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Project Details

Early Career

Status: Funded - Open


The Neonatal Hemorrhagic Risk Assessment in Thrombocytopenia Study - Neo-HAT Study

Emöke Deschmann, M.D., M.M.Sc.

Summary

BACKGROUND: Thrombocytopenia affects 20-30% of infants admitted to the NICU, and up to 70% of infants born at <1000 grams. Thrombocytopenia is a risk factor for bleeding in neonates, which may lead to life-long consequences (intracranial bleeding), however, there is a poor correlation between degree of thrombocytopenia and bleeding risk.

GAP: Neonatal platelets are known to be hyporeactive, and their reactivity is influenced by several factors (including gestational and postnatal age, medications, etc.). Due to the hyporesponsiveness of neonatal platelets, it has been widely accepted that neonates should be transfused at higher platelet counts than older children or adults, however, it is unknown what truly constitutes a “dangerous” platelet count in this patient population, and which neonates might benefit from platelet transfusions. A bleeding risk marker may help physicians determine the risk/benefit ratio of platelet transfusions, guiding platelet transfusion decisions in thrombocytopenic neonates, and potentially protecting vulnerable infants from exposure to unnecessary transfusion-related risks.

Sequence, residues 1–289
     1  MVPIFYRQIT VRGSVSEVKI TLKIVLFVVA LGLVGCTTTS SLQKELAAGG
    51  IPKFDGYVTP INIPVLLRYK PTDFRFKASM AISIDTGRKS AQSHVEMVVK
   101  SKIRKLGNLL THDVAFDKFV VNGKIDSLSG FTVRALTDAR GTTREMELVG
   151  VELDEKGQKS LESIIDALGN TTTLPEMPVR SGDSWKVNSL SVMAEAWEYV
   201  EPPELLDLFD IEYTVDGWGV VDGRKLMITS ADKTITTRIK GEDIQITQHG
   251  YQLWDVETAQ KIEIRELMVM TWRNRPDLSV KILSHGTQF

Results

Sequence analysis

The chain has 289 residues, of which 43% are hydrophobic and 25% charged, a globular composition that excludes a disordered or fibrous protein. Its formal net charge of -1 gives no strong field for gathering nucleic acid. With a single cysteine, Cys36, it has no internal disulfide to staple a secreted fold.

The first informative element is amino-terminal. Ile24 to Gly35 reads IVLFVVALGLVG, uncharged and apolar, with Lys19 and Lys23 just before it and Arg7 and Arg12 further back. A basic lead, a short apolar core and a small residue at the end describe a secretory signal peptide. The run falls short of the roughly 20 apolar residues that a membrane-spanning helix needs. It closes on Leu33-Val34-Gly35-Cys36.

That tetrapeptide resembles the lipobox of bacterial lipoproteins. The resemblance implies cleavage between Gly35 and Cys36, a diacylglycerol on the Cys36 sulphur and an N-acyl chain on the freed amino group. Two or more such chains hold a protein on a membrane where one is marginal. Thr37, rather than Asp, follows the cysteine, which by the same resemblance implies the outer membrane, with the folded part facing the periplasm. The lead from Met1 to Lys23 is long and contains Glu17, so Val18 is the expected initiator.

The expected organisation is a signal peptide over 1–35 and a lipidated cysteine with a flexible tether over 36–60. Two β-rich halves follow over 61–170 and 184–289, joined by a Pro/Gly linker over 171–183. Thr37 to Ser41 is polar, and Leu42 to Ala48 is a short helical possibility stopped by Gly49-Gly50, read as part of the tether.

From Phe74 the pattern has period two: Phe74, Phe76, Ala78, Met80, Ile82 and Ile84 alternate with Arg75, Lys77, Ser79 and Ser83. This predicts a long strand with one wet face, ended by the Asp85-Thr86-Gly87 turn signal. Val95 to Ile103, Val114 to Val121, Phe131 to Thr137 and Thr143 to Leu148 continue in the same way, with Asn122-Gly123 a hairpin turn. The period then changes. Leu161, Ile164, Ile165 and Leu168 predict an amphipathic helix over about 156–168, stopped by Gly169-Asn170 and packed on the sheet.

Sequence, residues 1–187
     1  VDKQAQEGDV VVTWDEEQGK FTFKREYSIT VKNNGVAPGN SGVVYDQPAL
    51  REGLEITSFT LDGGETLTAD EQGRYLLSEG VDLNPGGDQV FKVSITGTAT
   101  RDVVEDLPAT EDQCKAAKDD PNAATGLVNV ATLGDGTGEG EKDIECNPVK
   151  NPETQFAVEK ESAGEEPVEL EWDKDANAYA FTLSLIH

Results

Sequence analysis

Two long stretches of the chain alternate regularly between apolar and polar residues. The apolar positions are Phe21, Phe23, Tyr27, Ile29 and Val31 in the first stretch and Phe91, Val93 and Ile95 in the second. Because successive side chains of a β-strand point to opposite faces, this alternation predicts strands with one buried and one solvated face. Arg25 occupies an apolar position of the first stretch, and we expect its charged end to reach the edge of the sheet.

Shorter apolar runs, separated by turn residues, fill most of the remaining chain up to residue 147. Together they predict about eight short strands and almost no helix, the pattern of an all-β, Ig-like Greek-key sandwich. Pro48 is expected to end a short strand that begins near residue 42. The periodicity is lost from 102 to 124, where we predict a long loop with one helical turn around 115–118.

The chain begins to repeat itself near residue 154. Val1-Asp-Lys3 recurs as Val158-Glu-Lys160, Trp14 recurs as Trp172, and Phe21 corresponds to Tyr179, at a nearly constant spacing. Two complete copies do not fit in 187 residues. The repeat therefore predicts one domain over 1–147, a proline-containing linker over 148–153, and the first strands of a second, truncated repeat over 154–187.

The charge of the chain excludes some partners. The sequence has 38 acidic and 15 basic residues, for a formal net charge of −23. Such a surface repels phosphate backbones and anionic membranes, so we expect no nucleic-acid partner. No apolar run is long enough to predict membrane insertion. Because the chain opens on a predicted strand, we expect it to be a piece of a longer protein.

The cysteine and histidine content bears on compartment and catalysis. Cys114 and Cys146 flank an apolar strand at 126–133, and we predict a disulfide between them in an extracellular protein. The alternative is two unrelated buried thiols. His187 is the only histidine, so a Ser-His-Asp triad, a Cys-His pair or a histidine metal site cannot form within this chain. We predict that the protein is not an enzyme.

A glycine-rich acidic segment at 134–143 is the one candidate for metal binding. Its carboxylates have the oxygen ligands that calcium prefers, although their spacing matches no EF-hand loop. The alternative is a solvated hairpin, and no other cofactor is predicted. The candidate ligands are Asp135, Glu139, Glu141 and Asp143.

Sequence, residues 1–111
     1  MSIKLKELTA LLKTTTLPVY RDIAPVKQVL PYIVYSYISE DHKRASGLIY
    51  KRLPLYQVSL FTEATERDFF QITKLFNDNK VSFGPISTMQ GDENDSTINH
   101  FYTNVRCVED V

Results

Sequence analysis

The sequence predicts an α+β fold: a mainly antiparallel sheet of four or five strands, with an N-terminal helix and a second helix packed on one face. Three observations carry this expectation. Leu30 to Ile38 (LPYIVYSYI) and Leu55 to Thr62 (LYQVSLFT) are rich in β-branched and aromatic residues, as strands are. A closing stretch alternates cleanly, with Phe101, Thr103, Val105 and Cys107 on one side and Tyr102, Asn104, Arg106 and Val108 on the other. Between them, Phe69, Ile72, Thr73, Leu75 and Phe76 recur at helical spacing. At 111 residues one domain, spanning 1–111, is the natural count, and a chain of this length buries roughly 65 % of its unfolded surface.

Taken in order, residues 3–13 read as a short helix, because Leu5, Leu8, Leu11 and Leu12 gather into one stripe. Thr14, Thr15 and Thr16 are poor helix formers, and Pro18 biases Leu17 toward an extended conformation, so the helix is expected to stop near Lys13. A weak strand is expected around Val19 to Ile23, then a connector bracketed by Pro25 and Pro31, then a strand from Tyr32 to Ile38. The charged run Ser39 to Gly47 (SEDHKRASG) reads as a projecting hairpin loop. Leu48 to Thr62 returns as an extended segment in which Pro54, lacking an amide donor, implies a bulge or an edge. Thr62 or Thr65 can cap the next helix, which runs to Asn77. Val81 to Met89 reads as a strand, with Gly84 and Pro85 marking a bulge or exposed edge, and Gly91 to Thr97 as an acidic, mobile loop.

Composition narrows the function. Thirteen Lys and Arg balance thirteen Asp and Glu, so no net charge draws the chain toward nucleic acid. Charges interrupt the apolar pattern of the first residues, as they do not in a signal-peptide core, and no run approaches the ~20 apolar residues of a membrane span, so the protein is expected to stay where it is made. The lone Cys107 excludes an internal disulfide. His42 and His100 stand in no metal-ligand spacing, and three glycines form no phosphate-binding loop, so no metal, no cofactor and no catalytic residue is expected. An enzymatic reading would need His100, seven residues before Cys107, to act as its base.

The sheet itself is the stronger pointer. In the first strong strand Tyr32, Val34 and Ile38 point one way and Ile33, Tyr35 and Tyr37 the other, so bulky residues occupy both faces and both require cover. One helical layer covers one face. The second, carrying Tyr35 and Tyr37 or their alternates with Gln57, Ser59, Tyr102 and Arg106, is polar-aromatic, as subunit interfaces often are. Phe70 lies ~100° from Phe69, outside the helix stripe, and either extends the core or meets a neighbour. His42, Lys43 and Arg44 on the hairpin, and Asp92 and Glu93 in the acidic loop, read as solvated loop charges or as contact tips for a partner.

HYPOTHESIS: PFA-100 CT-ADP, a global in vitro test of primary hemostasis, will be a better predictor of clinical bleeding in neonates than platelet count alone.

METHODS: This is a prospective longitudinal study that evaluates PFA-100 CT-ADPs and incidence of bleeding (using the Neo-BAT) in preterm neonates <32 weeks gestational or with a birth weight <1500 grams and with different degrees of thrombocytopenia.

RESULTS: Pending.

IMPACT: This study evaluates whether the CT-ADP is a better predictor of bleeding risk in thrombocytopenic neonates than the platelet count alone. If so, then perhaps PFA-100 CT-ADPs should be incorporated into the decision-making process regarding when to administer platelet transfusions to neonates in the NICU, thus reducing the exposure of neonates to unnecessary transfusions.










Supervising Institution:
Karolinska Institutet

Mentor(s):
Martha Sola-Visner

Project Location:
United States, United States, Sweden

Award Amount:
$26,750

project-details